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Flair Studios is a family affair

Stacy M. Brown | 11/15/2013, 6 a.m.
Willia Bland, founder of Flair Studios, which has been operating for over 45 years. Courtesy Photo

— When Willia Bland founded Flair Studio 45 years ago, the eventual success experienced by the family-run business could easily beg the aged-old question: “Who would have thought it?”

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Andria Travis, daughter of Willia Bland vice president and director of Flair Studios.

“After Martin Luther King Jr. was assassinated and the riots tore apart Baltimore and other places, many people were soul searching to determine what they could do to help, and that’s when my mom started the studio,” said Andrea Travis, Bland’s daughter and vice president and director of Flair’s modeling program.

Flair’s first classes were held in the dining room of Bland’s partner, Lucille Barton. Later, the duo moved the studios to Bland’s basement, then to the Mondawmin Mall and eventually to Catonsville.

“It began with four or five girls and went from there,” Travis said. Since then, the studio has both boosted and enjoyed a commitment to excellence.

“I came on board as a teenage assistant and my mom was grooming me,” Travis said. “[Barton] died so my mom took sole responsibility. One of the first young ladies we got was a rebel and her mother told her that she was going to see Ms. Bland.”

Eventually the young lady who attended Western High School along with Travis became an airline flight attendant before returning to Flair, which directs local children, teens, and adults in ballet, tap, hip hop, and African dance.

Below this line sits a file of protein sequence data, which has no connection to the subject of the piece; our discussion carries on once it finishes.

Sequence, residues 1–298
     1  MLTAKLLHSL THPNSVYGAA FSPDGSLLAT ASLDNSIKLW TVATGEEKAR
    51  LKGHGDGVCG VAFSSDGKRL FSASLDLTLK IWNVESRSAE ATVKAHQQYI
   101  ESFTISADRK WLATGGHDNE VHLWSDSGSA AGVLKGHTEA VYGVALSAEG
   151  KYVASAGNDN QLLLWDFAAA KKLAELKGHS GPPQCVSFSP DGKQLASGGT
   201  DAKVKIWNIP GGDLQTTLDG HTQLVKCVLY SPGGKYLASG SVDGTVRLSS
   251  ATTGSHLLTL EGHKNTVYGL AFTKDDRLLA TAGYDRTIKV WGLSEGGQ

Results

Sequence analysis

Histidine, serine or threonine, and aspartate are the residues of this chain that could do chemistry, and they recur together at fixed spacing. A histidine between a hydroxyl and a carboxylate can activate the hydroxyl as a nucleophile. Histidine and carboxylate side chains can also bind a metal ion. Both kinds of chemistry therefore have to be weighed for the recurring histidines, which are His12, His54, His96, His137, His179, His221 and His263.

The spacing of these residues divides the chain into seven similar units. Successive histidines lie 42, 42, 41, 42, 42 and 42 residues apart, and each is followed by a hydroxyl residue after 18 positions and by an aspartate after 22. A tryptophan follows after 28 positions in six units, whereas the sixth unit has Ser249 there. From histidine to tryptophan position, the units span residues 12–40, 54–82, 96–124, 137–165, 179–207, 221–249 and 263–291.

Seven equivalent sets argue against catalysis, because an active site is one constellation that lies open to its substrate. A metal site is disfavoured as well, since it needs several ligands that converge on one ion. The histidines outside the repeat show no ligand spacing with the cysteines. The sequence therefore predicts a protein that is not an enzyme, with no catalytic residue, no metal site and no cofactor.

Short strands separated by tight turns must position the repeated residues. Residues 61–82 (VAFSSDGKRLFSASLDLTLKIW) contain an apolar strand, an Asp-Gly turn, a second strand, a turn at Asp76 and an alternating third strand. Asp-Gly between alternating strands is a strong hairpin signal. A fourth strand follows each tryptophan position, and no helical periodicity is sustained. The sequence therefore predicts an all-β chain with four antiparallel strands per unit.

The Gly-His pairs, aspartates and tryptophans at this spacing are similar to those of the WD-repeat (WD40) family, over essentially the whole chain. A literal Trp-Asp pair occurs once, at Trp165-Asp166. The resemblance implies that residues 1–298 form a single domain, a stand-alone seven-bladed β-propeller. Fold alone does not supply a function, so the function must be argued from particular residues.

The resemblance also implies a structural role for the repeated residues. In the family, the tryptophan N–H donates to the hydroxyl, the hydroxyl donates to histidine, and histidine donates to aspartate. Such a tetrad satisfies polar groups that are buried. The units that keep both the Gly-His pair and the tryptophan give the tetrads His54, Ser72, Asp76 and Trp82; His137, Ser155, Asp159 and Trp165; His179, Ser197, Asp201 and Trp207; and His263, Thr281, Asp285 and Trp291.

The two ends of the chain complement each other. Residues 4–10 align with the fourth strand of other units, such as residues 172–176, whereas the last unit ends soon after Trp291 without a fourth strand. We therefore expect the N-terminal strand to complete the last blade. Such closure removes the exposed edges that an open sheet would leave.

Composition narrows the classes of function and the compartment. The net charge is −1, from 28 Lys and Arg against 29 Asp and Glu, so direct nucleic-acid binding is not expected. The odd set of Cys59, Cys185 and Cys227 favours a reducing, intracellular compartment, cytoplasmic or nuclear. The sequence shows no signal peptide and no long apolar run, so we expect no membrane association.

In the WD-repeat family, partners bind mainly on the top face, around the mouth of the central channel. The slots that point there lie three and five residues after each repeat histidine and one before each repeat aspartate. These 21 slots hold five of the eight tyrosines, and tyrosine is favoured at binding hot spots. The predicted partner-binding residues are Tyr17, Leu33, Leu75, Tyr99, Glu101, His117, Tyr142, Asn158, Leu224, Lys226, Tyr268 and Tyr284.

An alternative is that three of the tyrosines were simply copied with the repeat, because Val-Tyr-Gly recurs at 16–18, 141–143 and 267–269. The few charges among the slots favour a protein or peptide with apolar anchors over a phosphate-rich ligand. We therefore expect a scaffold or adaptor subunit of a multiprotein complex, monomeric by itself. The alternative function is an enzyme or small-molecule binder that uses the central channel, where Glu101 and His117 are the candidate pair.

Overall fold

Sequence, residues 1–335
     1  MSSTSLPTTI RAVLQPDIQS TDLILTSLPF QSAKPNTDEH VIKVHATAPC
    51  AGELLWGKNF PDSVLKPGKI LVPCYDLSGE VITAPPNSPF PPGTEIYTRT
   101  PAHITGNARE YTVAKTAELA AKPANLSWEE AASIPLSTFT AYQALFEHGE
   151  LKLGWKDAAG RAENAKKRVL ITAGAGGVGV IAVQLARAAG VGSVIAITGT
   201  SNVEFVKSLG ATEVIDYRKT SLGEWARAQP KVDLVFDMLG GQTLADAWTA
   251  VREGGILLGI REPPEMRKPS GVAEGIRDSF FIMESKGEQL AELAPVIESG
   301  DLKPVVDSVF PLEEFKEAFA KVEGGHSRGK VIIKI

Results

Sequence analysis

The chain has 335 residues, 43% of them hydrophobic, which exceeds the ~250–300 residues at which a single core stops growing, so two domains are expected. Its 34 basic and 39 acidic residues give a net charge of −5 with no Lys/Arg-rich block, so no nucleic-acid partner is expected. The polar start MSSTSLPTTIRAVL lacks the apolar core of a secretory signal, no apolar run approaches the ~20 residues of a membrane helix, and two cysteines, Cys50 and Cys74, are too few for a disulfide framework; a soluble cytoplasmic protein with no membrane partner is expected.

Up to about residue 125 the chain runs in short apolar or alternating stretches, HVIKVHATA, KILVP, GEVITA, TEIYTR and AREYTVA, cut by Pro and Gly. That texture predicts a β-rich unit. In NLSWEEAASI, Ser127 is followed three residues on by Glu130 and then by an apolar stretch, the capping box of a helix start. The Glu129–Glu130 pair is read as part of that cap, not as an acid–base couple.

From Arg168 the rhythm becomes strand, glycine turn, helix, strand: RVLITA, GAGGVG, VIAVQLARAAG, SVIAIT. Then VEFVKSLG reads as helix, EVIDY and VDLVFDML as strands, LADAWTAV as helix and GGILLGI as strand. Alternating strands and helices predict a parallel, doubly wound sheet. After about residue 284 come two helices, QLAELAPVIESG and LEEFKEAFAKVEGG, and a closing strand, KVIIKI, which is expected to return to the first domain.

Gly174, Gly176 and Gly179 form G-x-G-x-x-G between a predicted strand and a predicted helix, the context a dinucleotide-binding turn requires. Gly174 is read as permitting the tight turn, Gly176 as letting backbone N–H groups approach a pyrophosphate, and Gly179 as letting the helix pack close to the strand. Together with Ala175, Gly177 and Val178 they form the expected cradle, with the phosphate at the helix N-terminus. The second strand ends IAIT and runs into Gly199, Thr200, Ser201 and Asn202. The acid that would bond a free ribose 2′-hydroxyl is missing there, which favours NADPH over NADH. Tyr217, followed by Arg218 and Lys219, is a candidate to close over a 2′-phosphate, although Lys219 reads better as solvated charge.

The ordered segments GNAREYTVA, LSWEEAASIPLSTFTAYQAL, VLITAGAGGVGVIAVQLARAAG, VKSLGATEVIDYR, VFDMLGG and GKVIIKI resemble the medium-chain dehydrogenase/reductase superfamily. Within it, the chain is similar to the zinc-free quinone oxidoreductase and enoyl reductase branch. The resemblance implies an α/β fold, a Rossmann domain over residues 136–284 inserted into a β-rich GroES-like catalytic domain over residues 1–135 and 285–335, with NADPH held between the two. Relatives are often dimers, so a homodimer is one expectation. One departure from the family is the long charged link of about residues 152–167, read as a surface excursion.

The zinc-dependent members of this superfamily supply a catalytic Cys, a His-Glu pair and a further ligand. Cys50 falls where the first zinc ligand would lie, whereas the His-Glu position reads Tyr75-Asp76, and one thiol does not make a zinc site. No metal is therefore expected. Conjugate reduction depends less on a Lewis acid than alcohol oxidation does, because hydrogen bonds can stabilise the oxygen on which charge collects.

“The dancing component was added later,” Travis said.

Dancing and modeling hasn’t been the only way in which many have benefited at Flair. Those attending have learned poise, good posture, elegance, and have been educated in the art of simply understanding how to carry one self.

“Flair is definitely a finishing school. What we teach and expect our students to demonstrate all of the time is, shoulders back, stomach in,” Travis said. “We tell them to keep their feet together at tall times when sitting, no nervous twitches, and no chipped nails. You are a young lady at all times and we want you to demonstrate that at all times.”

Bland says that it’s solely about etiquette and charm.

Flair prepares its students to attend the Baltimore School of the Arts, where Travis’ daughters excelled.

“[Because of Flair] I have had the opportunity to meet some of the best designers, attend amazing fashion shows, wear some of the best designer clothing,” said Flair alumna, Lisa Shannon. “I am truly grateful and thankful for being a part of one of the first African American modeling agencies in Baltimore.”

While one of Travis’ daughters, Mari is the Charm City Dance Theater Director, another, Willia Noel, is a Broadway dance sensation appearing in, “The Lion King.”

As a teen, Willia Noel competed in a competition of 84 dancers at a NAACP convention in North Carolina where she earned the top spot, affording her the status of No. 1 dancer in the country.

“She auditioned for ‘The Color Purple,’ the stage play on Broadway but continued to audition for other plays, including, ‘The Lion King,’” Travis said. “Just as she was about to sign a contract for ‘Color Purple,’ the people from, ‘The Lion King’ called and hired her for a west coast tour.”